By Bheki Mngomezulu
The first State of the Nation Address (Sona) for 2022 will pose a challenge to President Cyril Ramaphosa. It will be a test to his political leadership dexterity, which has been under scrutiny in various contexts.
I will reflect on some of the issues which should find expression in the president’s address if he has read the situation correctly. Importantly, it would be advisable for him to proffer clear and concrete solutions instead of invoking the old rhetoric that respective ministers will provide details.
First, the president should take the nation into confidence about progress made in fighting the Covid-19 pandemic. Moreover, he will have to brief the nation on Covid-19-related corruption cases and progress made to that effect.
Linked to the above, the president will have to reflect on the 2021 local government elections. The fact that there was no certainty about this election due to the Covid-19 pandemic means that it is of cardinal importance for the president to thank the Independent Electoral Commission, political parties and the nation for ensuring that this election went ahead despite the challenges which surrounded it.
Third, the unprecedented increased unemployment rate means that the president cannot avoid this subject. Both the January 8 statement and the Sona will always touch on this issue. But since more South Africans are unemployed, it is critical for the president to address this issue directly. Related to this issue is the slow economic growth in the country – the only way in which unemployment could be addressed.
The time for investment summits and related gatherings is over. What the nation needs now are concrete plans on how this challenge will be addressed during the 2022 – 2023 financial year. Having more business people commit to investing in South Africa is not enough. What is needed are practical steps which the government will take in order to jump-start the economy, create jobs and ensure that South African thrives. Anything short of this would make the Sona another talk show.
Fourth, the recent events which kept the entire nation and the world talking cannot escape the president’s address if he is serious about allaying fears and providing the necessary context. The burning of Parliament by a questionable suspect is one of the main issues South Africans will be waiting to hear something about from the president.
Another issue is the destruction at the Constitutional Court building by a 36-year-old man. In both instances, the alleged perpetrators reached these buildings with ease. The nation would like to know how these two incidents happened when there were supposed to be cameras and security personnel to guard these structures. If national key points are not safe, what about ordinary citizens?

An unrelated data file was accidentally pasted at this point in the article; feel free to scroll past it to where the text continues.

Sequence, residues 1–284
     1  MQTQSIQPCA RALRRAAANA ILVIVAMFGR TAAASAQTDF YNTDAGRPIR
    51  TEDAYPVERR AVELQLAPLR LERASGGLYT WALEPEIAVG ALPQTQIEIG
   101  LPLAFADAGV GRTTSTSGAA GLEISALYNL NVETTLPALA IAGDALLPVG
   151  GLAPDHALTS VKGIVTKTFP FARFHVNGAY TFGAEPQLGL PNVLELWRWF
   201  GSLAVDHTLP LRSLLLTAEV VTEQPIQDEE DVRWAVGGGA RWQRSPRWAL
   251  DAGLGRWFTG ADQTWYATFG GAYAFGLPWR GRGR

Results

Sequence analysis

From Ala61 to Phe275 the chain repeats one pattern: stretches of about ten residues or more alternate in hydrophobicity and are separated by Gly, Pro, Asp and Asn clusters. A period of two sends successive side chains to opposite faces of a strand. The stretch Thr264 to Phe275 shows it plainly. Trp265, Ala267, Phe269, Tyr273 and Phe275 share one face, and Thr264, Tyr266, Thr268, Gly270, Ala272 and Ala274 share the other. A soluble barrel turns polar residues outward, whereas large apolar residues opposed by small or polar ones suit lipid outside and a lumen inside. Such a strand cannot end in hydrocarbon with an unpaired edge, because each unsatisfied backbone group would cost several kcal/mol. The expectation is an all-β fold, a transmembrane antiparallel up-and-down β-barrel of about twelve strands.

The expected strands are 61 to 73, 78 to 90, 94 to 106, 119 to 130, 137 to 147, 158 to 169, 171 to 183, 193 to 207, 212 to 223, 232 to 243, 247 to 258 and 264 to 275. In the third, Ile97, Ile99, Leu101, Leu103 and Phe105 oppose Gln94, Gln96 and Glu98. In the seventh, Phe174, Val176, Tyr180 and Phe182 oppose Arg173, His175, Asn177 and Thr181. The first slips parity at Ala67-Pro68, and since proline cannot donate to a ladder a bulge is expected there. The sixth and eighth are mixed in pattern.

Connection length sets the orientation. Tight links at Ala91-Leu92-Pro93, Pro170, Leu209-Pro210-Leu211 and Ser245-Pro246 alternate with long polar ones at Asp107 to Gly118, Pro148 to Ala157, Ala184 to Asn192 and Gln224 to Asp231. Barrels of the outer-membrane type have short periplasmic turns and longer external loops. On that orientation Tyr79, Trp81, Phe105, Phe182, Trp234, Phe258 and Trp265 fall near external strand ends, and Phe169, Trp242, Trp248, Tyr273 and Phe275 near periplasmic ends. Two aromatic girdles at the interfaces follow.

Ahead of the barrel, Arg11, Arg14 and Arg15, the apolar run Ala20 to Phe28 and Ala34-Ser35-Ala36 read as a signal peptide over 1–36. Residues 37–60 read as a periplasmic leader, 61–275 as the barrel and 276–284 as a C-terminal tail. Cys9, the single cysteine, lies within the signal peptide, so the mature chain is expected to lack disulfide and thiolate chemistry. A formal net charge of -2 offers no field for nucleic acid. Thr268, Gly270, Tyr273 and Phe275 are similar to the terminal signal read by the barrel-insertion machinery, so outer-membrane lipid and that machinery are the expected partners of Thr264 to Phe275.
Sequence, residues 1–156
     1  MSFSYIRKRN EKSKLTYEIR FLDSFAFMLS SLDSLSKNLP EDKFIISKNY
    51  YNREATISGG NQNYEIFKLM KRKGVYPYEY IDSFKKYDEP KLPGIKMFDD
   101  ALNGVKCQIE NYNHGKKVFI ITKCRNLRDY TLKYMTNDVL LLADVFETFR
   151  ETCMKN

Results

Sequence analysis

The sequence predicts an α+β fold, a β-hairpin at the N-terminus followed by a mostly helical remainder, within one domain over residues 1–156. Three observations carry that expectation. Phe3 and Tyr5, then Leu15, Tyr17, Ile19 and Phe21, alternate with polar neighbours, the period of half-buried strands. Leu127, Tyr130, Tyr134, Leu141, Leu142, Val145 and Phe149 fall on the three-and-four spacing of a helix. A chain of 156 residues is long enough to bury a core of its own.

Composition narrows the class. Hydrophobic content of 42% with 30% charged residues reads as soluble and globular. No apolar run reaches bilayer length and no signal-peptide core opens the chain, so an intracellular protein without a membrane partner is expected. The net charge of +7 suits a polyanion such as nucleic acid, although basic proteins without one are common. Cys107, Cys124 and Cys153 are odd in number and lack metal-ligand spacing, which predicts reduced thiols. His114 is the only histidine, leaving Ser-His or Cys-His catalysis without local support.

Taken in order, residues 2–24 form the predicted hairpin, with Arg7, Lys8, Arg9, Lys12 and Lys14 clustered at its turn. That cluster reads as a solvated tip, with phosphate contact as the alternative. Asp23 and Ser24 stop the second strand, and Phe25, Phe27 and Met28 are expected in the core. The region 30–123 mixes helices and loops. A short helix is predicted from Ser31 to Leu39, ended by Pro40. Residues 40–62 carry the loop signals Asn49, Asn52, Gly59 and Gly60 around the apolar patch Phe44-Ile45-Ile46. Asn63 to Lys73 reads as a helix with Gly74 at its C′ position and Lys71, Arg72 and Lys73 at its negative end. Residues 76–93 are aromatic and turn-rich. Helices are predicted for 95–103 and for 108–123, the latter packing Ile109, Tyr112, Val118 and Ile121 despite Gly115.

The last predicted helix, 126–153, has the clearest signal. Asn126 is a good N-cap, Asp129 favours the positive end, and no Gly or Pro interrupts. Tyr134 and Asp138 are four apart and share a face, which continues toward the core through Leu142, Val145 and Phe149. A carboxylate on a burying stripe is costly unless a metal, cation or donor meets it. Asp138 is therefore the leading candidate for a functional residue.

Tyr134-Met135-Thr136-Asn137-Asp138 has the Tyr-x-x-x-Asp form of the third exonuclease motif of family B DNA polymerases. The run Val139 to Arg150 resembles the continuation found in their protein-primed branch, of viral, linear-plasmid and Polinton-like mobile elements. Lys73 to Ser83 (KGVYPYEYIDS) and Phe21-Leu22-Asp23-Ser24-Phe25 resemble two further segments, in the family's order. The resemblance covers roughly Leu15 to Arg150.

What the president also needs to clarify are the points of divergence between him and Dr Blade Nzimande about what these incidents mean. According to the president, there is no link between these incidents and the attack on state institutions.
Conversely, Nzimande articulated the view of the South African Communist Party (SACP) when he stated that they were clear that there is a direct link between these incidents and July. His conclusion was that these three incidents point to the attack on the state and its institutions. The nation needs a point of convergence between the president’s thinking and that of his SACP counterparts.
Fifth, the January 8 statement is a party issue, not a national one. However, since the ANC is the governing party, it goes without saying that every South African should have vested interest in the content of the January 8 statement. What was discussed at this event also finds expression in the Sona.
Flowing from this trajectory, many of the issues that were discussed by Ramaphosa as ANC President will also be discussed by Ramaphosa as the president of the country. Among these issues will be: corruption, unity/factionalism in the ANC, etc.
The president will have his hands full. Apart from enumerating the list of problems which the country is confronted with, Ramaphosa has to give hope – not false hope but real hope that things will change for the better. This goal will only be achieved by being honest, realistic and practical. Should he fail to do this, he will open himself up for criticism by opposition political parties.
Last, this Sona will be tough for Ramaphosa because 2022 is the ANC’s leadership election year. Therefore, while casting his eyes on the future of South Africa, he will also be focusing on his own political future post-December 2022.
It is for these reasons, therefore, that the 2022 SONA will be the toughest one for Ramaphosa. He will have to be truthful to himself first before thinking about the ANC and the country.
* Bheki Mngomezulu, Professor of Political Science and Deputy Dean of Research, UWC
** The views expressed here are not necessarily those of Independent Media and IOL.